In this photo is aunt Rebeka’s family (she was my father Yuda (Zhoudi) Behar’s sister). In the front are Rebeka and her husband Raymond Vagenshtain – a tinsmith by profession. In the back are their children – Angel and Emil (on the right) Vagenshtain. The year was 1942. You can see the Jewish badges [yellow stars] on their lapels. There is no inscription on the back of the photo. There is a very pale impression of a stamp in the form of a Jewish star.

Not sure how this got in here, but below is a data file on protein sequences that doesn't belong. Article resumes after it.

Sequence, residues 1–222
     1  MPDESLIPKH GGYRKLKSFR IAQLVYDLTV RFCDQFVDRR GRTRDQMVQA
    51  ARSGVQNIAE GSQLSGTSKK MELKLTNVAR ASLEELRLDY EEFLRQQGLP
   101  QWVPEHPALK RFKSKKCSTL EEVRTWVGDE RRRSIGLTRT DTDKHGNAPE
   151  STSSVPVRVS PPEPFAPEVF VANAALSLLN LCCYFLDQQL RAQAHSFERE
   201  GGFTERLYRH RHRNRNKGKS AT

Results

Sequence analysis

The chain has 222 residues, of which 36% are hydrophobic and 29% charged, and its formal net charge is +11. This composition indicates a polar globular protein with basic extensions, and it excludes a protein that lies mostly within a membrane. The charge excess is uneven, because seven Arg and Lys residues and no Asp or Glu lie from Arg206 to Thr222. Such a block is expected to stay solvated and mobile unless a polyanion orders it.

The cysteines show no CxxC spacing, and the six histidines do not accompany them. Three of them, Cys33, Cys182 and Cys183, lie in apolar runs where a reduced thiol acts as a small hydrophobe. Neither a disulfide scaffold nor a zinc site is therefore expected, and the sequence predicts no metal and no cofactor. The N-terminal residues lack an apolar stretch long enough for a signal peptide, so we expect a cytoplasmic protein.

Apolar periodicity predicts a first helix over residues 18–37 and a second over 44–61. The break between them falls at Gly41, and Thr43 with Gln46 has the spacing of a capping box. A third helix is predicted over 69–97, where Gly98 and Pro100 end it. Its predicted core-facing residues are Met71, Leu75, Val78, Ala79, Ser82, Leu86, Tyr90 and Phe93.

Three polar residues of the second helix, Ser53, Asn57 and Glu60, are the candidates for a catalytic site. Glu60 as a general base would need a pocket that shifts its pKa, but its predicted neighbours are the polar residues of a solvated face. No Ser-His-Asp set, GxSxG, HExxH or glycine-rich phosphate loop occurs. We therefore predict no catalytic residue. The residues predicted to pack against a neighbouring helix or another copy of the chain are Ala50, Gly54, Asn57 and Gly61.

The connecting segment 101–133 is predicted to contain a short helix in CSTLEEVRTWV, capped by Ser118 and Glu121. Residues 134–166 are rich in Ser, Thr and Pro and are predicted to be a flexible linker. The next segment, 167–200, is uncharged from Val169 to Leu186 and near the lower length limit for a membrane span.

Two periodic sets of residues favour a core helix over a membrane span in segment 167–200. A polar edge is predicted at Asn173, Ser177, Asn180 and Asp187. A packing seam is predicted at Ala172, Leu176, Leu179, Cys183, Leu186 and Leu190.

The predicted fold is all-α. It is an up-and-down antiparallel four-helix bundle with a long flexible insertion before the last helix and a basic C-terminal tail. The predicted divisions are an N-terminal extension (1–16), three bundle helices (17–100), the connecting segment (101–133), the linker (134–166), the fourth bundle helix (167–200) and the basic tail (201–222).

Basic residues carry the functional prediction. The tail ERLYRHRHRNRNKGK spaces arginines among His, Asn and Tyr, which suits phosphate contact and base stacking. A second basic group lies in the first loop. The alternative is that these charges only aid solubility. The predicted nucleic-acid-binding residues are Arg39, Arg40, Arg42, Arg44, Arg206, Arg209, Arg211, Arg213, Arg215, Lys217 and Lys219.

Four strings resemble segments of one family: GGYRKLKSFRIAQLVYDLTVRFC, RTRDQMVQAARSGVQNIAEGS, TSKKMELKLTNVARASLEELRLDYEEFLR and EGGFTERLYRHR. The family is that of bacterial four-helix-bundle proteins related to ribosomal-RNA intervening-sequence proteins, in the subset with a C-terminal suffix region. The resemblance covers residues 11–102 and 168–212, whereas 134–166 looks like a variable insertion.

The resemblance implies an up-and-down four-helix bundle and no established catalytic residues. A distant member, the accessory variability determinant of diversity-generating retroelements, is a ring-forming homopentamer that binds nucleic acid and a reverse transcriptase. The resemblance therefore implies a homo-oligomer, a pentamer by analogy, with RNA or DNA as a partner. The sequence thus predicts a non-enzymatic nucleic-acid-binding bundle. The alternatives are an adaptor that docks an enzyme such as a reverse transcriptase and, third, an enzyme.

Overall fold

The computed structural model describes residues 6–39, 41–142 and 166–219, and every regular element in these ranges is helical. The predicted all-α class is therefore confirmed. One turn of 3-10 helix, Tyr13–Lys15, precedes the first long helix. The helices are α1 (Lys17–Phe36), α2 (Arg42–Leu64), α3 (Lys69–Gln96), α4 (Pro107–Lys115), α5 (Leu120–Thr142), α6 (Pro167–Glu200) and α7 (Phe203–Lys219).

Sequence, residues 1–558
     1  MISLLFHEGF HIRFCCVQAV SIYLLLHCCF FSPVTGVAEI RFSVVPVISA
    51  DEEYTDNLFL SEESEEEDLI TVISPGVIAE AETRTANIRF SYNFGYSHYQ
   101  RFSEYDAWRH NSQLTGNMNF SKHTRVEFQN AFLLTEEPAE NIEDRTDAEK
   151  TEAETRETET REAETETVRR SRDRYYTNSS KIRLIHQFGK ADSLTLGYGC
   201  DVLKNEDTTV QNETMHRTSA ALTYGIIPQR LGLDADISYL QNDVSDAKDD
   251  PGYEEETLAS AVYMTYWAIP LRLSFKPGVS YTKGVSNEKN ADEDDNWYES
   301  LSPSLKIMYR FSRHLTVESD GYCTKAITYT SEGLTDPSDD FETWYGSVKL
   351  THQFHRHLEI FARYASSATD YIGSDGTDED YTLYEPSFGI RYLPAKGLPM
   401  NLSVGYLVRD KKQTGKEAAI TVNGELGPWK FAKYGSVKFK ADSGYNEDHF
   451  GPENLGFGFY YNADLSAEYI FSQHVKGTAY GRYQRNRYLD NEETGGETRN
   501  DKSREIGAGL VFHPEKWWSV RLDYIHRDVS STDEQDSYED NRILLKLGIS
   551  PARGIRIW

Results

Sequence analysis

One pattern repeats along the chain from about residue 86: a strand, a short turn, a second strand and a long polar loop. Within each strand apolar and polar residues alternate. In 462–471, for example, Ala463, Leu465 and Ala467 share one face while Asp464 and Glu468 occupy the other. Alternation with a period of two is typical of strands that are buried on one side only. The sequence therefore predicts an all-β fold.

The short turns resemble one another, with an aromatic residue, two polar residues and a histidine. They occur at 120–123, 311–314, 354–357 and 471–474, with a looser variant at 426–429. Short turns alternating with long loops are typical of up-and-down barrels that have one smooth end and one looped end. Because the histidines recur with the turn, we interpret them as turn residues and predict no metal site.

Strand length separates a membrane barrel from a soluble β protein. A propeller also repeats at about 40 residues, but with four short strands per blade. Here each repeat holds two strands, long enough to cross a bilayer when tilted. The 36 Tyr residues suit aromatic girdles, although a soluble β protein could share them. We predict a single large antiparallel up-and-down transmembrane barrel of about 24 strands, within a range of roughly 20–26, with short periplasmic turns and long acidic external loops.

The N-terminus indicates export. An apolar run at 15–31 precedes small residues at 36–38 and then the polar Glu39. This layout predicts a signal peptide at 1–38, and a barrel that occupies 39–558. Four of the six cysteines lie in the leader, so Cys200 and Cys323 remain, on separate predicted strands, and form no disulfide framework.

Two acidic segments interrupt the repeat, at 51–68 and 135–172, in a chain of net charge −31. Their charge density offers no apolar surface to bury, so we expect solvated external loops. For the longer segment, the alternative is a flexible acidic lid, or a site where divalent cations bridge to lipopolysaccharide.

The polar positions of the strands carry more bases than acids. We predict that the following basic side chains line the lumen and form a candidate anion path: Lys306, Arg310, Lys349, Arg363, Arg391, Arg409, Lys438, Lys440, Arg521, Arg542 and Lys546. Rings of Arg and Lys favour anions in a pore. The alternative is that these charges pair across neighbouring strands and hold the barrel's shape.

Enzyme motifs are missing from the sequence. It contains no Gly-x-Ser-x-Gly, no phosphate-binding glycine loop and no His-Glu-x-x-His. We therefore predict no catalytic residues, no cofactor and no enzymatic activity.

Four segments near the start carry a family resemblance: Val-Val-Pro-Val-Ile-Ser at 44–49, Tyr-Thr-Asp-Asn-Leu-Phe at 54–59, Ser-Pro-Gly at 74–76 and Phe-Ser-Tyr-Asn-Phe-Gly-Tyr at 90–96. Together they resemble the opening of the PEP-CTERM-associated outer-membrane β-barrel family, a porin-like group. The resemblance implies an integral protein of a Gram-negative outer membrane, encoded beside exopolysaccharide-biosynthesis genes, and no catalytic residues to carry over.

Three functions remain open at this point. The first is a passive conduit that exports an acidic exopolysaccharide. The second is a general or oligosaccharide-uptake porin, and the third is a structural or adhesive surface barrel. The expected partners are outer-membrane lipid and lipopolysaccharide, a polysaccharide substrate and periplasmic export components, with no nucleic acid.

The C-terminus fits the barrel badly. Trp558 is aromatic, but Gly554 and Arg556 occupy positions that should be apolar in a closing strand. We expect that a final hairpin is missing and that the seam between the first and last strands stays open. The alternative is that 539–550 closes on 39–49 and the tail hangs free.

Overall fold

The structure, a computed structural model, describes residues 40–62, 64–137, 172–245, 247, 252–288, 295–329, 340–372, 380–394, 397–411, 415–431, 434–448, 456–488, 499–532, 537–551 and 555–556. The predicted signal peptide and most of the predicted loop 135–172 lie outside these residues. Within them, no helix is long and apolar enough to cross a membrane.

In the summer I used to go to my grandparents in Sofia. There I used to meet with the famous director and writer Angel Vagenshtain who is a cousin of mine. [Angel Vagenshtain is a classic of Bulgarian cinema. He graduated in cinema dramaturgy from the Russian State Institute of Cinematography (VGIK) in Moscow. Author of some 50 scripts for feature, documentary and animation films, as well as of novels published in Bulgaria, France, Germany, Russia, and the USA. Since 1950 he has worked in Bulgarian and East German cinematography. His 1959 film 'Stars', dedicated to the fate of Jews in WWII, and directed by Konrad Wolf, won the Special Prize of the jury at the 59th Cannes International Film Festival. Among Vagenshtain's most famous films as a scriptwriter are: 'Amendment to the Law for the Defense of the Nation', 'Goya', 'Stars In Her Hair, Tears In Her Eyes', 'Boris I', etc.] He was older than me and used to keep in touch mainly with my brother as they shared common interests, but we used to be very fond of each other. Angel (Dzheki), in his turn, visited us in the summer in Plovdiv. His arrival turned our day into a holiday. My father loved him very much. I recall that when he was sentenced to death for his antifascist activities later dad got so drunk out of grief, that, under the influence of the alcohol, he was shouting: ‘They will exterminate the golden youth of Bulgaria.’ Together with the neighbors from the yard we hardly managed to stop him from taking the matters in his hands.